Plaintiff argues the ALJ improperly failed to account for Dr. Spendal's opinion that the plaintiff required a sheltered work environment. As an initial matter, Dr. Spendal did not opine that plaintiff required a sheltered work environment. Dr. Spendal stated, "Misty would be a good candidate for some sort of sheltered work site or experience, " and, "She would do best in some form of sheltered or supported work environment[.]" TR 229. The ALJ acknowledged Dr. Spendal's report in his findings and wrote, "She indicated that the claimant should work with Vocational Rehabilitation, which could place the claimant in a sheltered work environment." TR 23. After reviewing the medical and other evidence, however, the ALJ determined there was no evidence the plaintiff would need to work in a sheltered work environment. Id.

In her reply brief, plaintiff modified her initial position to allege that Dr. Spendal's evaluation amounted to evidence that plaintiff required a sheltered work environment, and the ALJ did not explain otherwise. Where there exists conflicting medical evidence, the ALJ is charged with determining credibility and resolving any conflicts. Chaudhry v. Astrue, 688 F.3d 661, 671 (9th Cir. 2012). The ALJ "may consider a range of factors in assessing credibility." Ghanim v. Colvin, 763 F.3d 1154, 1163 (9th Cir. 2014). These factors can include "ordinary techniques of credibility evaluation, " id., as well as:

(1) whether the claimant engages in daily activities inconsistent with the alleged symptoms; (2) whether the claimant takes medication or undergoes other treatment for the symptoms; (3) whether the claimant fails to follow, without adequate explanation, a prescribed course of treatment; and (4) whether the alleged symptoms are consistent with the medical evidence.

Lingenfelter v. Astrue, 504 F.3d 1028, 1040 (9th Cir. 2007). Although plaintiff insists the ALJ gave insufficient reasons to reject Dr. Spendal's opinion, the record supports the ALJ's decision. The ALJ need not recite "magic words" to reject a doctor's opinion. Magallanes v. Bowen, 881 F.2d 747, 755 (9th Cir. 1989) ("As a reviewing court, we are not deprived of our faculties for drawing specific and legitimate inferences from the ALJ's opinion.").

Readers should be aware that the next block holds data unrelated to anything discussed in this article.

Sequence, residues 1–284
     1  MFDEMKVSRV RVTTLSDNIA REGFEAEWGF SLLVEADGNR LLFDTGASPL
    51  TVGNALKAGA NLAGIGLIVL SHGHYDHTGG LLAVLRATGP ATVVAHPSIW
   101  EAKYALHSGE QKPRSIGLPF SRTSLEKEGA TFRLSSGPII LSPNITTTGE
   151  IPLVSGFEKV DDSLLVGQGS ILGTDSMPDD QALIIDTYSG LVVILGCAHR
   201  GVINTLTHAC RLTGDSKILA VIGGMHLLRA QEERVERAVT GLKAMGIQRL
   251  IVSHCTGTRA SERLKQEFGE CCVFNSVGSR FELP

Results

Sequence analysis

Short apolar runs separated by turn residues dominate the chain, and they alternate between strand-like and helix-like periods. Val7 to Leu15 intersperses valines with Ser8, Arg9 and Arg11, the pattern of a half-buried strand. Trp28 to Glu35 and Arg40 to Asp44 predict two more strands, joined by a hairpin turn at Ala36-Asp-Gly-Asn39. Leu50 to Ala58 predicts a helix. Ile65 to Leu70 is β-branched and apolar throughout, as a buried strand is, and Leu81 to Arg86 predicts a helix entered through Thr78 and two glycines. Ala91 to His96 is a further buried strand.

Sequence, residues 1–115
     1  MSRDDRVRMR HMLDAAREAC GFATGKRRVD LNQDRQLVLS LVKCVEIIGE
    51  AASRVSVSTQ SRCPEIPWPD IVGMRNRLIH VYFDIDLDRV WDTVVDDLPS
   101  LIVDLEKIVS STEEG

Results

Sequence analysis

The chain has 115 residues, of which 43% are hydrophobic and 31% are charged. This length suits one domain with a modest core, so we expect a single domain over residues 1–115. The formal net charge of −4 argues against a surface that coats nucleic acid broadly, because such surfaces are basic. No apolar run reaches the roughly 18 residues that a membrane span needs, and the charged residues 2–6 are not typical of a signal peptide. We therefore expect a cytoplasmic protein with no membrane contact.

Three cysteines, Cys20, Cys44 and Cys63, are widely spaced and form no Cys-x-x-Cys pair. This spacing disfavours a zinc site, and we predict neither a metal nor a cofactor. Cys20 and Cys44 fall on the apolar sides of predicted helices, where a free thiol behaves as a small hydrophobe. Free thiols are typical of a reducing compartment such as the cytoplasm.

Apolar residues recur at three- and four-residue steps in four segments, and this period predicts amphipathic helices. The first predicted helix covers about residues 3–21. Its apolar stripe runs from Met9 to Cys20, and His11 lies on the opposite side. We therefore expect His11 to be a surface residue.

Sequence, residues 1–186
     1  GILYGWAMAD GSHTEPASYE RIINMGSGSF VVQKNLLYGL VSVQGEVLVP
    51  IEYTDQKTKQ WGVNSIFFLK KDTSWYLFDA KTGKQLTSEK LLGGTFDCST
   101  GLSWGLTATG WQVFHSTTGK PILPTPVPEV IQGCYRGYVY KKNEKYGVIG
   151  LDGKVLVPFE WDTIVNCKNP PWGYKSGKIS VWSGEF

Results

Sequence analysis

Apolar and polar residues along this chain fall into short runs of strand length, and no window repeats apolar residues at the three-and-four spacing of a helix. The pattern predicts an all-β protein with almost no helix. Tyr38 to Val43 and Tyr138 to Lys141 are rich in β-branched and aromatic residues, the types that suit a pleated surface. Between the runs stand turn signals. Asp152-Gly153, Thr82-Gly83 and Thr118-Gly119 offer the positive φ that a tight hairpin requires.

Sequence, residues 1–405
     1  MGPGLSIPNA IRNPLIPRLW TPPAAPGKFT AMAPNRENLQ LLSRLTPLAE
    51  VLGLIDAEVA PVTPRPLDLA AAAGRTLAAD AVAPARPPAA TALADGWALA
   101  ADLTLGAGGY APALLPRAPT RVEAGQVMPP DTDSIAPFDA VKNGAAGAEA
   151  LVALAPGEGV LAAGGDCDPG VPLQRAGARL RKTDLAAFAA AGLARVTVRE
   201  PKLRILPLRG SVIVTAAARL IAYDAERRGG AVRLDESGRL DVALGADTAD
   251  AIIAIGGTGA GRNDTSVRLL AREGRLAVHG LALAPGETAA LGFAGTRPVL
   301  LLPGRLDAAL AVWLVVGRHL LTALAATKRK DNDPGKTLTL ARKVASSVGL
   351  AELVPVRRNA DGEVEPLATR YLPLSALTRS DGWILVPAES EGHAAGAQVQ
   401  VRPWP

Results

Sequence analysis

To begin his discussion of Step Four, the ALJ stated, "I have considered all symptoms and the extent to which these symptoms can reasonably be accepted as consistent with the objective medical evidence and other evidence[.]" TR 21. The ALJ then noted that the claimant had limited credibility because she "cleans, cooks, shops, goes fishing, cares for pets, does laundry, is raising a stepchild, and has taken care of her neighbor's children." TR 22. The ALJ added, "Since the application date, no provider opined that the claimant is disabled or has more limitations than those determined in this decision." Id. The ALJ then reviewed Dr. McKenna's analysis and noted her opinion that the plaintiff could perform simple, routine tasks and manage her own funds. TR 23. The ALJ gave Dr. McKenna's report significant weight because it was consistent with the narrative report and was based on objective measures of cognitive functioning. Id. The ALJ then addressed Dr. Spendal's report, but, having just covered plaintiff's previous capabilities and limitations, gave the report only some weight because there was no evidence that plaintiff would need to work in a sheltered work environment. Id.

At this point plaintiff challenges the ALJ's opinion on the grounds that he did not explain his conclusion that plaintiff did not need to work in a sheltered environment. The ALJ can adequately reject opinion evidence "by setting out a detailed and thorough summary of the facts and conflicting clinical evidence, stating his interpretation thereof, and making findings." Magallanes, 881 F.2d at 751. Based on the evidence the ALJ recounted immediately before he concluded the plaintiff did not need a sheltered work environment, this court can draw specific and legitimate inferences from the ALJ's opinion. The ALJ stated that he had reviewed all the plaintiff's symptoms that were consistent with the medical evidence and other evidence. TR 21. He credited Dr. McKenna's opinion about the plaintiff's limitations. TR. 23. He made note of the activities the plaintiff performs on a daily basis. Id. Then, having just reviewed the above evidence, he rejected the proposition that the plaintiff would need a sheltered environment. Id. As the Ninth Circuit held in Magallanes, the ALJ need not explicitly state that because of the factors he had just mentioned, he found no evidence the plaintiff needs a sheltered work environment. The ALJ provided specific and legitimate reasons, supported by substantial evidence, in assessing only some weight to Dr. Spendal's report and rejecting the premise that plaintiff required a sheltered work environment.

CONCLUSION

The ALJ's determination that plaintiff could perform past work is supported by the record and free of legal error. The Commissioner's final decision is AFFIRMED.

IT IS SO ORDERED.